With barely more than 50 percent of the population connected to the Internet, Latin America is still facing numerous challenges in a bid to definitively get on the technological train and match such powers as Canada, Europe, China, Japan or the United States. Nevertheless, that need to improve infrastructure and technological capability is somehow compensated with the existence of great creative talent, which is putting an array of innovative products on the map.

Both innovation and creativeness have come together in Latin America to develop interesting startups in the fields of fintech, healthcare, videogames, collaborative economy and the Internet of Things. Brazil is heading that small group of countries, along with Argentina, Chile and Mexico, where the IoT is gaining momentum. Back in 2014, a study conducted by Forrester Consulting showed that 90 percent of the Latin American companies included in the survey were willing to implement IoT solutions, compared to 80 percent around the world. In the early 2017, another report delivered by Surfing TsunamisNXTP Labs and the Multilateral Investments Fund (Fomin), shed light on the so-called “techno-Latin American” companies: technological private companies that were born in the region. Most of them are digital and enterprising companies, with international scope and go beyond the classic technological startups. A significant number of them have been developed in traditionally unexplored spaces in Latin America, such as biotechnology, digital medicine, renewable energies, software security, space technology, fintech and agtech.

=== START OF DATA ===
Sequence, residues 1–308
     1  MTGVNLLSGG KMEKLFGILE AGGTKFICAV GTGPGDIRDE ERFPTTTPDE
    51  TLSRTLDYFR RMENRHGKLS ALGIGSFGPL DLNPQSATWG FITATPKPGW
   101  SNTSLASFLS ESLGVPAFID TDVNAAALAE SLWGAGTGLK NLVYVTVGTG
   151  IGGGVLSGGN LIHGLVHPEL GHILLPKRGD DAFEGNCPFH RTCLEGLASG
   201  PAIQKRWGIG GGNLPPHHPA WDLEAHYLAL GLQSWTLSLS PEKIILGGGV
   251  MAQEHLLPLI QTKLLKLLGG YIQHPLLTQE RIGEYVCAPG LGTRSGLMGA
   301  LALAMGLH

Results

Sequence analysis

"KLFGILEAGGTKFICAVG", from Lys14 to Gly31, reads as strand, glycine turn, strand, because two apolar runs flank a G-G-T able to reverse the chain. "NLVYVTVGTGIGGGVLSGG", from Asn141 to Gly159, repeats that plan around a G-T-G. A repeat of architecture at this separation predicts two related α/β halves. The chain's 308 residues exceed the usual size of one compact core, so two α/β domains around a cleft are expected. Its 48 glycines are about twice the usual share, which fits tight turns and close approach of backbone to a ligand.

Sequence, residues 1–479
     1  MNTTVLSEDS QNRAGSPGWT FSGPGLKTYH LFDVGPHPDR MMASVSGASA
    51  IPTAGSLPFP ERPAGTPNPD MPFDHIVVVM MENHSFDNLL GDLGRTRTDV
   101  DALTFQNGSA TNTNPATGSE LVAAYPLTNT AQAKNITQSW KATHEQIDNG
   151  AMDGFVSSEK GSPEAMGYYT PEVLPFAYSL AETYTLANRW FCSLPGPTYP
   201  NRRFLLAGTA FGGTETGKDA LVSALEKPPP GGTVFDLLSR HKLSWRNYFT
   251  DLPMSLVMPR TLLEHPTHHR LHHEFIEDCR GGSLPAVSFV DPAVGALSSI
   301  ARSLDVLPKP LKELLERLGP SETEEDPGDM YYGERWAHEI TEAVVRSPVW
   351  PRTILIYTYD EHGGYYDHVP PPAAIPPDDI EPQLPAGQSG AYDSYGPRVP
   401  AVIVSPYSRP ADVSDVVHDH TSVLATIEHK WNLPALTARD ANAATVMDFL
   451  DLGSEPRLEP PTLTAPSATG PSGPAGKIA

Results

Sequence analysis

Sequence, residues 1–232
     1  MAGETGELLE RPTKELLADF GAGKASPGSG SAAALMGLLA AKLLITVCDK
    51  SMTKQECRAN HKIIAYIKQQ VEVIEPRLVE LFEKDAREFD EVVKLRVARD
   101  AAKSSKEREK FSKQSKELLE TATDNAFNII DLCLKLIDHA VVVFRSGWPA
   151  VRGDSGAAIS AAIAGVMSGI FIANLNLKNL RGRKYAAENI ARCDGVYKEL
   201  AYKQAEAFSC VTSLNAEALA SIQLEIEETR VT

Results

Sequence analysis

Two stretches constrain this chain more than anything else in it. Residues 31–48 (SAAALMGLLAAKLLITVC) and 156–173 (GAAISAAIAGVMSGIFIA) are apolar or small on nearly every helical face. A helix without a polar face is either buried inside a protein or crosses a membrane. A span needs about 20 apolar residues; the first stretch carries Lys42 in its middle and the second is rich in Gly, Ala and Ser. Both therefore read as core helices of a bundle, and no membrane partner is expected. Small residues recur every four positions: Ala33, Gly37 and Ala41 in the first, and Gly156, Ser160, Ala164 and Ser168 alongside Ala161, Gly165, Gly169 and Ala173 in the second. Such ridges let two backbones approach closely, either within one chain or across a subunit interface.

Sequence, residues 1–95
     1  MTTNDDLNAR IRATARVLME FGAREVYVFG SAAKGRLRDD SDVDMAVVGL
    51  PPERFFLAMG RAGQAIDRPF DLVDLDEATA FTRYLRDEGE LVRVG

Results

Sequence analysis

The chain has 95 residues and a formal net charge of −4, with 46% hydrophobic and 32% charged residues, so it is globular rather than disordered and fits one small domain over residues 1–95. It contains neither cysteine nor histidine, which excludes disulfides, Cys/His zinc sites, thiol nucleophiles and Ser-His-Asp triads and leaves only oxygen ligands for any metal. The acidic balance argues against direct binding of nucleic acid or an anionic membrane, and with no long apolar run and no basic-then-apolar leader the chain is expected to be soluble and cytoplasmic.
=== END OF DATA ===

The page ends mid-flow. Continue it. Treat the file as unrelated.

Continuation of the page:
“Creativeness as an innovation engine can contribute to the diversification as a necessary tool to have a world-class competitive economy based on knowledge,” according to Alejandra Luzardo, senior specialist of the Inter-American Development Bank (IDB) and leading strategist on creative economies, innovation and enterprise. The report pointed out the existence of 123 techno-Latin American companies valued in over 25 million dollars with collective value of more than 37.7 billion dollars. The most important group within this radar is represented by the Latin American unicorns, which total 23.2 billion dollars and stand out as the biggest value in the ecosystem (61 percent). Most of them are digital companies that were born before or shortly after the Internet bubble in the early 21th century (except for OLX, Softtek and Totvs).

Brazil leads the ranking of “techno Latin American companies” (48 percent), followed by Argentina (19 percent), Mexico (14 percent), Chile (8 percent) and Colombia (7 percent). In fact, out of the nine unicorns, four are based in Argentina (Despegar.comGlobantMercadoLibre and OLX), two in Brazil (B2W and Totvs), two in Mexico (KIO Networks and Softtek) and one in Chile (Crystal Lagoons). These are the biggest players in the Latin American ecosystem, but there are many others, which are smaller but feature the same disruptive capacity and have given the society important technological innovation over the past years. We have chosen five of them as a representation of the endless wealth of Latin American talent in the technology realm.